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Exegesis: Funkadelic's "Maggot Brain"

George Clinton's masterpiece of semi-Satanic psychedelic Afro-futurism

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In Exegesis posts, I project my own ideas onto popular art—mainly fiction, music, and film—with little regard for the artist’s intentions. Past subjects include Tarkovsky’s Stalker. Future subjects will include Octavia Butler’s Earthseed Series, the music of Dan Deacon, and TV’s Adventure Time.

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Mother Earth is pregnant for the third time
For y'all have knocked her up.
I have tasted the maggots in the mind of the universe
I was not offended
For I knew I had to rise above it all
Or drown in my own shit.

—Opening lines of Maggot Brain

Funkadelic’s Maggot Brain is one of those rare albums that expanded the boundaries of the word “music”. Its loose, genre-bending style has influenced groups as wide-ranging as Outkast, Audioslave, and Ween. Despite an initially lukewarm reception, it’s become a regular on “best albums of all-time” lists.

Thematically, the album is an unflinching examination of death, darkness, violence, and fear. There are spiritual and political overtones, underlined by the inclusion of a long rant from a controversial cult in the liner notes (reproduced in part below).

Led by the legendary George Clinton, Funkadelic—an all-Black, psychedelic-fueled band living in 1970s America—saw life through an understandably dark lens. While White folks on acid were churning out frivolities like Sugar Magnolia and Strawberry Fields Forever, Funkadelic stared straight into the abyss.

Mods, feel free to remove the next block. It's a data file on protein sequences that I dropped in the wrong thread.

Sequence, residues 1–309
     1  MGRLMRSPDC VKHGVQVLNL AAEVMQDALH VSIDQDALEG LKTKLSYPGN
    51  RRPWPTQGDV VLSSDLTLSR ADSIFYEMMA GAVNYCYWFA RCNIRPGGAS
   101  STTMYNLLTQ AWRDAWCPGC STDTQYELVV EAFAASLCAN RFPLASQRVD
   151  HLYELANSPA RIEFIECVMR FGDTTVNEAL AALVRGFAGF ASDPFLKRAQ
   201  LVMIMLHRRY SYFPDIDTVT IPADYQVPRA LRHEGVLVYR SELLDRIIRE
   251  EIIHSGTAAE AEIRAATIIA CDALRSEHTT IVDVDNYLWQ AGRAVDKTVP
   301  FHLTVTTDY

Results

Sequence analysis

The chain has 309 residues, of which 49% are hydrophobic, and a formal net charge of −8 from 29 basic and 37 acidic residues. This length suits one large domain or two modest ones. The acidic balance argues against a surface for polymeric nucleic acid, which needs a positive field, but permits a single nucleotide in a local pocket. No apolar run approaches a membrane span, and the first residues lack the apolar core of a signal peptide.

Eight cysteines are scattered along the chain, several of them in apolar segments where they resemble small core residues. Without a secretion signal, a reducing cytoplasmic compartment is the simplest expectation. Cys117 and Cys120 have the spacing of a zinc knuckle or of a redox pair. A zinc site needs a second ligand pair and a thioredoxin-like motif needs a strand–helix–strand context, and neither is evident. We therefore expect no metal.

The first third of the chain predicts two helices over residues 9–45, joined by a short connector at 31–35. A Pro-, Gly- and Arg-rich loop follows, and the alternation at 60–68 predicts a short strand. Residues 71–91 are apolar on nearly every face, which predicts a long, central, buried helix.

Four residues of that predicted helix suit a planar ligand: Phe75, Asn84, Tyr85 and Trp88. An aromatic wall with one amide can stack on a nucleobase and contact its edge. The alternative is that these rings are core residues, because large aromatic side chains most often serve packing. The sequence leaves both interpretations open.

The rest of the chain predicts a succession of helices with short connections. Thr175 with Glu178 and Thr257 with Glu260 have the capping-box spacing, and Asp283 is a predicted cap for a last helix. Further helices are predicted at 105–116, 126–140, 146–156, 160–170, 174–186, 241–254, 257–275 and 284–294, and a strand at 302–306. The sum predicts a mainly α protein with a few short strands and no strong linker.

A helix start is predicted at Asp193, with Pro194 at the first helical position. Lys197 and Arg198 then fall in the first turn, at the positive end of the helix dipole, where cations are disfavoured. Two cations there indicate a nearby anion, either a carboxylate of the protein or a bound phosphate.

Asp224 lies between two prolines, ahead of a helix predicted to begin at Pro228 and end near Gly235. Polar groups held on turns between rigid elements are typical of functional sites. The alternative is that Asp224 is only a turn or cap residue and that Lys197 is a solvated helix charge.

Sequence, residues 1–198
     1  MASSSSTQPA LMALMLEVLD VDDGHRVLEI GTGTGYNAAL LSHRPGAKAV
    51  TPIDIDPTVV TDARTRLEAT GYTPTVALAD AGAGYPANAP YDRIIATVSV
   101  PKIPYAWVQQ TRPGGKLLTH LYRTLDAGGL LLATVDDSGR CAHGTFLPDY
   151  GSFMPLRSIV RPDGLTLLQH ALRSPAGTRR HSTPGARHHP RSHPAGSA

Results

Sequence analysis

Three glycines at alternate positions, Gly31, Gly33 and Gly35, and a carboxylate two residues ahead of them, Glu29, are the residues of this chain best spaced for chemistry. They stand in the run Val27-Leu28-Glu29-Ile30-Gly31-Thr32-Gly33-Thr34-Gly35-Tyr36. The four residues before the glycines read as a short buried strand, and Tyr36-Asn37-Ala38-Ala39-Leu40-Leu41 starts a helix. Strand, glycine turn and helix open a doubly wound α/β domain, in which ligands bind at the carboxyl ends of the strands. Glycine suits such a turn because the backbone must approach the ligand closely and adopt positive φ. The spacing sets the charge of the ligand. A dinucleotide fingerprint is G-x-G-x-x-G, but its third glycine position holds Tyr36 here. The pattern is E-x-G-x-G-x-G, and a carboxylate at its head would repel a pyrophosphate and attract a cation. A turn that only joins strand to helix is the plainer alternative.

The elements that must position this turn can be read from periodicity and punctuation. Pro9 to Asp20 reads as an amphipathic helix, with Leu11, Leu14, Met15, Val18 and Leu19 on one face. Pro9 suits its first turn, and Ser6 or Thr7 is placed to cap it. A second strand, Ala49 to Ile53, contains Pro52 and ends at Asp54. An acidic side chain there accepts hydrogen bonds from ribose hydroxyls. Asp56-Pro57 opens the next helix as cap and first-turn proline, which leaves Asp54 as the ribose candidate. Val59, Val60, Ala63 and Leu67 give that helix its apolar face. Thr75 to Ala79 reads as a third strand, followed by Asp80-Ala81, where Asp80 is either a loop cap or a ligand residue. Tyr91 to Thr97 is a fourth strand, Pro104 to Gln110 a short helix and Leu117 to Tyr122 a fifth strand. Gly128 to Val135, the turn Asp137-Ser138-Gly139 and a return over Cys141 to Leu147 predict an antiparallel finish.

Your Mother’s Death

In these seven songs, you can hear Funkadelic attempting to make sense of the turmoil of the times, as they express the euphoria and anguish of being born and dying in the most extraordinary ways.

—Dave Segal, in his review for Pitchfork

Maggot Brain opens with what is arguably one of the greatest guitar solos of all time—recorded in one take by an LSD-fueled Eddie Hazel, with a genius prompt from George Clinton:

Eddie and I were in the studio, tripping like crazy but also trying to focus our emotions. I told him to play like his mother had died, to picture that day, what he would feel, how he would make sense of his life, how he would take a measure of everything that was inside him.

I knew immediately that he understood what I meant. I could see the guitar notes stretching out like a silver web. When he played the solo back, I knew that it was good beyond good, not only a virtuoso display of musicianship but also an almost unprecedented moment of emotion in pop music.

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